Nike Lunar Control

                 6 other pair "just in case"

 

Founder: Texas BBQ Curtain (according to Jdiddyesquire)

 

Favorite #TOURSAUCE Move:  signing a ball and tossing it to a non existent fan as I walk back to cart. 

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This is a great thread.

 

Dean,

 

I am afflicted with what doctors have called "Terminal Slice-itis". So obviously ball spin, side spin especially, really effects my game. At a recent demo day, the Bridgestone guys put me through the little ball fitting they do. They ended up suggesting one of their balls (big surprise). He went through a 30 second explanation about the e7 and how the "mantle" under the cover didnt compress as fast as others, so the spin would be reduced on my drive. Looking at his LM numbers (assuming they were legit) did show a significant drop in spin. 4600 avg with Nike Black to a 2200 avg with the e7.

 

So my questions are:

 

1. is that an accurate description of how and why the numbers dropped?

 

2. how will your ball compare for a hacker like myself?[/quote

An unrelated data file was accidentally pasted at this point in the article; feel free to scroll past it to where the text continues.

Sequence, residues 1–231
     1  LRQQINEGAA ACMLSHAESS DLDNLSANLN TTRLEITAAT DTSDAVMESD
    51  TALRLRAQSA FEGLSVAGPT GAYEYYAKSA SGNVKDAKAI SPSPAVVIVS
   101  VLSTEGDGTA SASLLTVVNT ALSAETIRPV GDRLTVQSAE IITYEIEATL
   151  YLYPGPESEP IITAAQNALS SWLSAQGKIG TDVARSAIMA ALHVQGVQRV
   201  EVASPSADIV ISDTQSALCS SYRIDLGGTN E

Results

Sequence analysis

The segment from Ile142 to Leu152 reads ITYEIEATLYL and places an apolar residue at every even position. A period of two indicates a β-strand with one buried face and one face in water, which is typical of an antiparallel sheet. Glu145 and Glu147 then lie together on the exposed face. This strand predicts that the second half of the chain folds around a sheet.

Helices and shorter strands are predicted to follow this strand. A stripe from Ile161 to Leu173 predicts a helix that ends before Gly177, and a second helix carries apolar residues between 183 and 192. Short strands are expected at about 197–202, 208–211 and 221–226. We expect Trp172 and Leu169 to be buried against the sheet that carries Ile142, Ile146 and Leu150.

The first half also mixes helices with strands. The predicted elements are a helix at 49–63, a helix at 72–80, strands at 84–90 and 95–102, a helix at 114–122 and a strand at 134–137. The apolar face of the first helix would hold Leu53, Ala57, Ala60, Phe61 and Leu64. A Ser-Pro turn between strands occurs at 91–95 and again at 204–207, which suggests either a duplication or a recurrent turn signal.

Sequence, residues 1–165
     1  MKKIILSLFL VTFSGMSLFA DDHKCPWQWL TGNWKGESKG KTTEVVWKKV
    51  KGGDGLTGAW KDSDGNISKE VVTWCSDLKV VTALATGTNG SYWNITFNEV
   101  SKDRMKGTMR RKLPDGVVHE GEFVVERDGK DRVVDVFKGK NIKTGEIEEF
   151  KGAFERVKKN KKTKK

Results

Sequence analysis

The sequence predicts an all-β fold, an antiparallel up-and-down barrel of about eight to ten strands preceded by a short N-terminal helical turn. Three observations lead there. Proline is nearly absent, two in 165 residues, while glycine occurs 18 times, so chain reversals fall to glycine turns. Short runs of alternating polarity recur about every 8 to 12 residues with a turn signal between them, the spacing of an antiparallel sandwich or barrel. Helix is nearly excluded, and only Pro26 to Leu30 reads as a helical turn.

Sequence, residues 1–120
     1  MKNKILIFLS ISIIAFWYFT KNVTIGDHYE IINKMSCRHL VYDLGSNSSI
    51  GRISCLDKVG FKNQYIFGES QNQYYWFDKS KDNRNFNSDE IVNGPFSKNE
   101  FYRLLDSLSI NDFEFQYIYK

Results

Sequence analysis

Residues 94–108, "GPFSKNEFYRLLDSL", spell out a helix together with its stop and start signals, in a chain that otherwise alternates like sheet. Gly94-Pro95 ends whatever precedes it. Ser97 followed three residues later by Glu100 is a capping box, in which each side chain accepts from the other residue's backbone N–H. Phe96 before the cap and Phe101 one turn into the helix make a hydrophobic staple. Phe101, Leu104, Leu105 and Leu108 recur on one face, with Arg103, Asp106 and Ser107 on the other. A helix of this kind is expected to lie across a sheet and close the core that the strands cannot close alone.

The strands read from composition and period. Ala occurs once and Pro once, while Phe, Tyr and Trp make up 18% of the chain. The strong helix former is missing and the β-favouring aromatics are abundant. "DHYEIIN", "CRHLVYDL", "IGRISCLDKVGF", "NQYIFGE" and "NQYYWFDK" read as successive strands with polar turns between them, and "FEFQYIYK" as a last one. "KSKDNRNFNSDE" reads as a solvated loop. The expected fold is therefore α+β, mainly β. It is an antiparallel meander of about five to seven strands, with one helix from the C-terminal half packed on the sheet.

Haha. There is no chance that your driver spin can drop from 4600 to 2200 because of a golf ball. Impossible by construction unless you tested using a tour balata ball first. You have to be a bit careful on those ball fitting numbers. Typically they have you hit only 3 shots. And not saying they all do this but have seen many pick your highest spinning ball and then their lowest spinning ball. And bam. There u go. Look. It's longer. When players slice golf balls that typically means higher driver spin. So you may have hit one real bad slice that counted then one decent one that counted. Those two could easily be 2400 apart. Most golf balls today are made w low driver spin. And most go similar distances off the tee. If you has that big of a difference then it was from the swing not the ball. As for Snell Golf ball, I would suggest GET SUM. It is very soft feel but made to try to reduce spin on all shots. To help reduce the hooks and slices. Of course it is not magic and will never remove them from your game. Haha. But give GET SUM a try. Look forward to what you think. Thanks.